Medical parts molder MRPC used 2009 to reinvest in and retrench its experience and core capabilities, setting up 2010 as a year for improved growth.
The Butler, Wis.-based firm's last fiscal year was not a great one, but it wasn't terrible either, said President Greg Riemer. The company was able to attain a significant ISO certification, add key personnel and gain customers based on subassembly work. The outfit also is primed for opportunities this year, with plans to add injection molding machines and secondary equipment.
Steps to prepare
MRPC gained ISO 13485 certification in 2009, meeting standards for a comprehensive management system for designing and manufacturing medical devices. The company found that its customers, which make medical devices, want their partners to meet the same high regulatory standards they do.
The firm, which already was ISO 9001-certified, believes ISO 13485 will become a standard requirement of medical-device makers within three to five years. MRPC wanted to jump ahead of the curve to demonstrate that we offer our customers the best and most efficient services today, said quality director Michael Dalton.
MRPC has made many tremendous technological advancements, and we have a great team throughout, said Riemer, who become president Jan. 1. A 13-year company veteran and the grandson of its founder, he previously served as chief operating officer and vice president of sales and marketing. We're on the leading edge of a growing industry, and I'm really excited about our prospects, he said.
CEO John Schlump said Riemer's hands-on experience particularly coming during the worst recession of this generation and his 20 years in plastics, rubber and silicone molding provide him with the right tools to lead MRPC.
During the last three years, Greg has built an executive leadership team to support the strategic growth plan for the company, said Schlump, who will step down from his position in June.
The most recent hires include Brunson Parish as a senior process engineer and Shane Mesenberg as upper Midwest territory manager, both of whom joined last fall. Parish is the eighth engineer on staff up from five only two years ago and he brings an experience in scientific injection molding.
We've dabbled in scientific molding technology a bit, but now we have the resources to move forward aggressively, both on the silicone and thermoplastic sides of the business, Riemer said.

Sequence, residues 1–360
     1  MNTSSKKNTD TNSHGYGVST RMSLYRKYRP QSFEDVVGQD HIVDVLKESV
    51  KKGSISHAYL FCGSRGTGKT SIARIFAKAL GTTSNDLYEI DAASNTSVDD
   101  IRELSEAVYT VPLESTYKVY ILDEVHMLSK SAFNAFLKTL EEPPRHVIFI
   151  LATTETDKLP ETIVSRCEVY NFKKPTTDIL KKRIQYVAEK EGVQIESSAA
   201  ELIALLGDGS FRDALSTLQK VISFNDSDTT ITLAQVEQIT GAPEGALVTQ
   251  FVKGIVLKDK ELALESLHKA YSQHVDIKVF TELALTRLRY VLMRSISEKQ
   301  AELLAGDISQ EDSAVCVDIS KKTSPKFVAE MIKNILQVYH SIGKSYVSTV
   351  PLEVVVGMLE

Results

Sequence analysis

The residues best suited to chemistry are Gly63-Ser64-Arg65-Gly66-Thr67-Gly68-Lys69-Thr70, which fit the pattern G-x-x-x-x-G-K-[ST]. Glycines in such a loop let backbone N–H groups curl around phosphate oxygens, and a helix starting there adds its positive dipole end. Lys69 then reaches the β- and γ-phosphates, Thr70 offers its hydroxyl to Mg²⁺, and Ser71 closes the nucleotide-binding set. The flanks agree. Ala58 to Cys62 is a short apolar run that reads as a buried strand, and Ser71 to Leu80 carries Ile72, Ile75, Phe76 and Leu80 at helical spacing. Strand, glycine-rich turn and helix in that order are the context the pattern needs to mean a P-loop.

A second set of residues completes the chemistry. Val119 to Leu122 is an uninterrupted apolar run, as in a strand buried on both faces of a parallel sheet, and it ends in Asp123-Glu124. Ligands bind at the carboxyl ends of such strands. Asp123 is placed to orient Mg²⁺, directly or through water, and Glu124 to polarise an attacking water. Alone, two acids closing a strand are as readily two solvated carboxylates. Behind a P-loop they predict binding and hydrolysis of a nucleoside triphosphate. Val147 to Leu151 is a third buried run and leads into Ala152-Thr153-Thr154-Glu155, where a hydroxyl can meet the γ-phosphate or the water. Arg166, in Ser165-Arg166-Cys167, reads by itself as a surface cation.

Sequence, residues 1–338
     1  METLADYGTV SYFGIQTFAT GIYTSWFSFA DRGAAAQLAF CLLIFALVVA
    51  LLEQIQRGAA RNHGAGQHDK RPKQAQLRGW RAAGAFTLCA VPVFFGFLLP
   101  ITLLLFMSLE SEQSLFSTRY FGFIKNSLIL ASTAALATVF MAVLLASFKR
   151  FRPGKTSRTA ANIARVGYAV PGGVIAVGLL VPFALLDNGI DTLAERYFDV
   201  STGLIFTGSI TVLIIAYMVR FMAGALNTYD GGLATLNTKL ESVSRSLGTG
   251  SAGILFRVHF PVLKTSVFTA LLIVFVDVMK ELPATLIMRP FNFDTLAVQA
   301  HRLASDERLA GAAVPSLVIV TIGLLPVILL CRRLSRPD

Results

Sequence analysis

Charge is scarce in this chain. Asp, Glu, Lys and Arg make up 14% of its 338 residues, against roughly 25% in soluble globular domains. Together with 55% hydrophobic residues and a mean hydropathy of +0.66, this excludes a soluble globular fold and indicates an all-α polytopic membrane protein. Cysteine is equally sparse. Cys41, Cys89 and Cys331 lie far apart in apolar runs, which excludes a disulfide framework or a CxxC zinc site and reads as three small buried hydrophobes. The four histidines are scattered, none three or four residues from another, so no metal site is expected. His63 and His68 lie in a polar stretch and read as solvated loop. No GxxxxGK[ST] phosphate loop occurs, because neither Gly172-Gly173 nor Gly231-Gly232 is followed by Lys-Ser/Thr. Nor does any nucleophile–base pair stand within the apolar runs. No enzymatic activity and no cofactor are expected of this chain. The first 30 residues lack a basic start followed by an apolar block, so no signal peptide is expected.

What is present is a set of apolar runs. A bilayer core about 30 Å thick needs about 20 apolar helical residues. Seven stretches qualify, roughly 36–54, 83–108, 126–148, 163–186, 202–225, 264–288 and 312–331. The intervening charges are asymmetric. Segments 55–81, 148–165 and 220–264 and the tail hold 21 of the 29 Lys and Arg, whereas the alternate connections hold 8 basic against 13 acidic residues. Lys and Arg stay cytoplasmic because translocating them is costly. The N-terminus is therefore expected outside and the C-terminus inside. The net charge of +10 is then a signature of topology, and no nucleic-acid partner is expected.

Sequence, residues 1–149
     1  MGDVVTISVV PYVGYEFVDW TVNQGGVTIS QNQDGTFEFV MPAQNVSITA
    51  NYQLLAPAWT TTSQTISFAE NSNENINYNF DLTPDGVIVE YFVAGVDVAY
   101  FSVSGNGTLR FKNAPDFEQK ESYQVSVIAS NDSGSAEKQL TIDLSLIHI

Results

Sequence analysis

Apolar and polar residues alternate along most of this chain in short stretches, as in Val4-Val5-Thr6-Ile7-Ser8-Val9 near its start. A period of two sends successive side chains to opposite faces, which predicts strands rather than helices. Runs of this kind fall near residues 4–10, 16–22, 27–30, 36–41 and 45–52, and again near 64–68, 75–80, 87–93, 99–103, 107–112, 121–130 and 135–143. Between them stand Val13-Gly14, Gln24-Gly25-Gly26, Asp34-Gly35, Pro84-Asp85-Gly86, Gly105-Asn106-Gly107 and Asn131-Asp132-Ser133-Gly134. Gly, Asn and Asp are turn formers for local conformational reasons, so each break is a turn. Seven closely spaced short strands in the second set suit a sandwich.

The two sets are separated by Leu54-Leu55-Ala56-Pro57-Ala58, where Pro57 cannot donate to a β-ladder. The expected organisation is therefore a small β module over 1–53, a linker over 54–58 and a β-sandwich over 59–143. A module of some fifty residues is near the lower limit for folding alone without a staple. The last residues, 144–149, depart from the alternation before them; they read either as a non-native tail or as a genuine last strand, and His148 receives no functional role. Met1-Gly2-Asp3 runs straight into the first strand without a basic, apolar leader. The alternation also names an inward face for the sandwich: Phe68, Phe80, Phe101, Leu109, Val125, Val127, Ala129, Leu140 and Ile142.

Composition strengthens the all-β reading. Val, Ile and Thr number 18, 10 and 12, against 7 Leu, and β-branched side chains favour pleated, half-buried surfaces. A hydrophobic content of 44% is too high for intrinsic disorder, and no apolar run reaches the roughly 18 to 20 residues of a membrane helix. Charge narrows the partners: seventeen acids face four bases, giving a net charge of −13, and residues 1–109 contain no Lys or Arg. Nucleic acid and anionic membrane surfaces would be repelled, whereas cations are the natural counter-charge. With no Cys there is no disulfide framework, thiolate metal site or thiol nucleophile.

Mesenberg, with 14 years of plastic molding industry experience, focuses on the Minneapolis area and the medical-device marketplace in his position. Mark Brandstaetter, vice president of sales and marketing, said Mesenberg brought a wealth of contacts and is doing a great job in his short stint with the company. He's a great fit for us, Brandstaetter said.
The ability to attract good engineering and sales people was one positive result from the economy being in a downturn and affecting other's businesses, Riemer said. We may not have been able to get the people we did in a stronger market, he said.
In all, MRPC employs about 95.
With capabilities for silicone, rubber and plastic molding, MRPC has over the past few years moved into manufacturing more multimaterial components and more subassembly work, Riemer said. The company is not in position yet to do fully finished device manufacturing or assembly because it is not Food and Drug Administration-registered, but it wants to pursue that area when the right opportunity with the right partner comes along, he said.
For now, its multimaterial projects might include molding a thermoplastic part and molding a silicone component onto it; assembling an extruded part as a piece of a larger component; or assembling a metal component acquired from outside. MRPC has positioned itself to do more of these types of jobs, and last year it secured two customers with its subassembly business, Riemer said.
Those projects are moving into production as we speak, so we'll start realizing revenues in 2010, and then get into a more mature business pattern of sales on those jobs in 2011 and beyond, he said.
The company has set up some work centers in the facility dedicated to subassembly, and to support that commitment it is buying some molding machines, automated assembly machinery, other secondary operating equipment, curing ovens and equipment for packaging components before shipping them to sterilization houses, Riemer said.
The bulk of production space about 50,000 of 85,000 square feet in three separate buildings is dedicated to clean room molding. The three areas, each of which is Class 8/100,000, are for house silicone processing; custom rubber processing and molding; and thermoplastic molding and assemblies. The fourth room, a Class 7/10,000 area, contains molding of implantable polyetheretherketone parts and long-term implantable silicones, Riemer said.
The plastics side of business is growing, but in most cases it is as a complement to the silicone side, like in overmolding or two-component assembly, he said.
Generally we don't go to market as a stand-alone thermoplastics molder, he said.
Wherever we can provide value with our thermoplastic capabilities in conjunction with our elastomer capabilities is where we're real successful. Quite frankly, we don't have a big enough thermoplastic operation to compete with big players in the marketplace.
MRPC believes it has used its resources wisely over the past couple of years by preparing for better times. That's important, Riemer said, because many manufacturers have become weak from a bad economy and potential customers are looking to partner with financially strong firms. MRPC believes it fits that bill.
That's something we're proud of, he said.
We're debt-free, we continue to invest in good people and equipment and are making ourselves the best we can be. When the economy starts to make its turn, we're going to be ready to really take off.
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